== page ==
At Children’s Therapy Center, Gay Lloyd Pinder ’68 and her two cofounders pioneered techniques of family-centered therapy for children with neuro-developmental issues.
By Martha Park M.F.A. ’15
Gay Lloyd Pinder had never lived away from home when she arrived at Hollins College in 1964. “Basically, I grew up at Hollins,” she says, “I arrived there as a kid, and I left there independent, confident in myself, and with a real excitement about life ahead and the world that was out there.”
She graduated in 1968 with a degree in philosophy, and although she “received a superb education, I wasn’t going to land a job with a degree in philosophy.” So she set out to find what she wanted to do. “I had an eagerness to go and see the world,” she remembers.
Pinder’s father was a minister. A woman in his congregation suggested Pinder reach out to her sister, who’d founded a therapy home in Huemoz, Switzerland, for children with cerebral palsy. “The town was so small we couldn’t find it on a map,” Pinder says, “but my parents, bless their hearts, put me on a plane. I’d never been on a plane, but off I went, and I was there for two years.”
She worked as an aide at Chalet Bellevue in exchange for room and board and $25 a month. By the time she flew back to Virginia, Pinder knew what she wanted to do with the rest of her life. In 1972, she received a master’s degree in speech and language pathology from Boston University.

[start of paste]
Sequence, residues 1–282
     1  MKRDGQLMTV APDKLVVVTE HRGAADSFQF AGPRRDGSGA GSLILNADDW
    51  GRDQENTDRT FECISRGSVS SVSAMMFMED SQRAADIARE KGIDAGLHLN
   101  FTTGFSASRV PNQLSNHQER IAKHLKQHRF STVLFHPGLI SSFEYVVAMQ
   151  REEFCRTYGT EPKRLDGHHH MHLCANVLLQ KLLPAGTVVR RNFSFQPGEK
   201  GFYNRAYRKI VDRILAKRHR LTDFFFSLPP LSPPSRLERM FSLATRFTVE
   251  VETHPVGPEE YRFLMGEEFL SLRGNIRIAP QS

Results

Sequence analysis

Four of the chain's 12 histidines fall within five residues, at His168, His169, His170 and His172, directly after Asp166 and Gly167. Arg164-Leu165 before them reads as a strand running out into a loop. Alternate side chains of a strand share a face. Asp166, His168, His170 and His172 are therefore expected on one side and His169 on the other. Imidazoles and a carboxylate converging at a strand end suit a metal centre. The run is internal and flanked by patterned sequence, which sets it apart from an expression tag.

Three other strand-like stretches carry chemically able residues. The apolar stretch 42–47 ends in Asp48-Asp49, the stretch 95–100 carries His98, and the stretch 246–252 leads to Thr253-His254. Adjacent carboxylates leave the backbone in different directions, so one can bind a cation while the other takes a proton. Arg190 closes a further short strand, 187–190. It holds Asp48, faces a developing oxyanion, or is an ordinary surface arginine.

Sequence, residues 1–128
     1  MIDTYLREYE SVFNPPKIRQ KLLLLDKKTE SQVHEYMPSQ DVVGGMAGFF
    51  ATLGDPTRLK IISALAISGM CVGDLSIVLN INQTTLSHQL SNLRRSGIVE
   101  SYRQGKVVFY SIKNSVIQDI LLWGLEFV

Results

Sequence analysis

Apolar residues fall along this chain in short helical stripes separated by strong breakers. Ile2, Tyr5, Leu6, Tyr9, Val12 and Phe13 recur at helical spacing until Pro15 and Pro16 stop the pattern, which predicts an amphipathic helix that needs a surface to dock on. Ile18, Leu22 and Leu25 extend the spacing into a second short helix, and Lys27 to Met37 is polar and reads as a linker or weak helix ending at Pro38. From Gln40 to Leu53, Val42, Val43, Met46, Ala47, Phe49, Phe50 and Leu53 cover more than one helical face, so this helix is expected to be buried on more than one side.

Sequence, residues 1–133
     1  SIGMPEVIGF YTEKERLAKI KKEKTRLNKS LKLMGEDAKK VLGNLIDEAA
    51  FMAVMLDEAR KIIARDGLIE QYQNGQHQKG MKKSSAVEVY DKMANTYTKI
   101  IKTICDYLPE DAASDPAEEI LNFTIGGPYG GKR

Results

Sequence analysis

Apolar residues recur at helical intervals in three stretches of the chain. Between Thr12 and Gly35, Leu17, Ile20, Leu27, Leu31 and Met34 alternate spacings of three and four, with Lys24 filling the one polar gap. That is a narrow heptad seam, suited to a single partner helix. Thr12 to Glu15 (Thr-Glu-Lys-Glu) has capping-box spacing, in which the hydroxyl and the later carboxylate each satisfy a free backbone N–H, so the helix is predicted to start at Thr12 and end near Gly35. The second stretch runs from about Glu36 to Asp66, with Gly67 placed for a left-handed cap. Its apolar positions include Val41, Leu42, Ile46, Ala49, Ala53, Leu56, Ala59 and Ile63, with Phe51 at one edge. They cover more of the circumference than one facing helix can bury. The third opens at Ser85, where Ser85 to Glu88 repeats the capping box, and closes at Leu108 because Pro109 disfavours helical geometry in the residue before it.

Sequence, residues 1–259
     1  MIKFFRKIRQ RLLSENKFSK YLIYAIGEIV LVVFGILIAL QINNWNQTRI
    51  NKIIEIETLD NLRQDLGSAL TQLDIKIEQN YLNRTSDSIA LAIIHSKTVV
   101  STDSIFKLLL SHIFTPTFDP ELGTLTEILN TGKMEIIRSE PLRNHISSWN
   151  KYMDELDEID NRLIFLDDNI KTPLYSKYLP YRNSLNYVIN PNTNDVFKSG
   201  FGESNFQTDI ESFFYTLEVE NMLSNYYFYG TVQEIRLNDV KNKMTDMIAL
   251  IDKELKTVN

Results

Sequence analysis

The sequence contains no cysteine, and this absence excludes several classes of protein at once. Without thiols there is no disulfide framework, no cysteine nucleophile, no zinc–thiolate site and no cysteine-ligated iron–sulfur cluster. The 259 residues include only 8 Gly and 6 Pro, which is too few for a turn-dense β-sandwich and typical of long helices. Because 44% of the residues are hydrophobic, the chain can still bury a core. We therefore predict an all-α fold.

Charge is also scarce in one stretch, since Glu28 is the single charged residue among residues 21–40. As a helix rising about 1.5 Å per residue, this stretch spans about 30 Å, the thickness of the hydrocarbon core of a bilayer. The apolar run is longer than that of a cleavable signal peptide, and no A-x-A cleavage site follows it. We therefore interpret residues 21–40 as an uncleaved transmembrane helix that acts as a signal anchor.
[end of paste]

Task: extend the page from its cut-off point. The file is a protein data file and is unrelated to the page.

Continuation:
After graduating, she returned to Virginia to work at Petersburg Training School, a facility with 2,000 residents and two speech therapists. “I always say that was the largest caseload I ever had in my life,” she says.
Over the course of three years at the school, Pinder learned she wanted to work with kids before they became institutionalized. She moved to Maine to work in a home-based program. During this period she took a neuro-developmental treatment course (NDT) focused on working with kids with neuromuscular problems. This course was pivotal in Pinder’s professional development and would be the basis of her later teaching.
From Maine, she moved to Seattle. She didn’t know it yet, but she’d contracted a viral infection and was losing her hearing. “If you have to go deaf,” she says, “Seattle’s a great place to do it.”
As she lost her hearing, Pinder went to a local community college to learn sign language as quickly as she could. She also went through a training program to learn how to use an interpreter. At the same time, she was working at a clinic with physical therapists Nancy Hylton and Sue Hudson. The three therapists shared a dream of opening a small clinic in which services were needed most.
“The three of us had enough work experience that we knew what we wanted in a place, and what we didn’t want. We started what we thought would be a tiny private practice.” Within several months, it became clear that Children’s Therapy Center (CTC) would be larger than they’d ever imagined, and would need to be restructured as a nonprofit. “That was in 1979,” Pinder says, “and we’re all still here.”
Since its beginning, CTC has grown to employ 160 people at three sites, with a fourth site on the way. “We were outside the box from the beginning,” Pinder says. “From a managerial perspective, we wanted it to be a place where everybody who worked here owned it—so no hierarchy.”
They also wanted to change therapy culture as a whole, to put families “at the helm,” Pinder says. In this model, ultimately “the therapists see themselves as guests. The chief in the program is the family, and as the child grows up it becomes the child.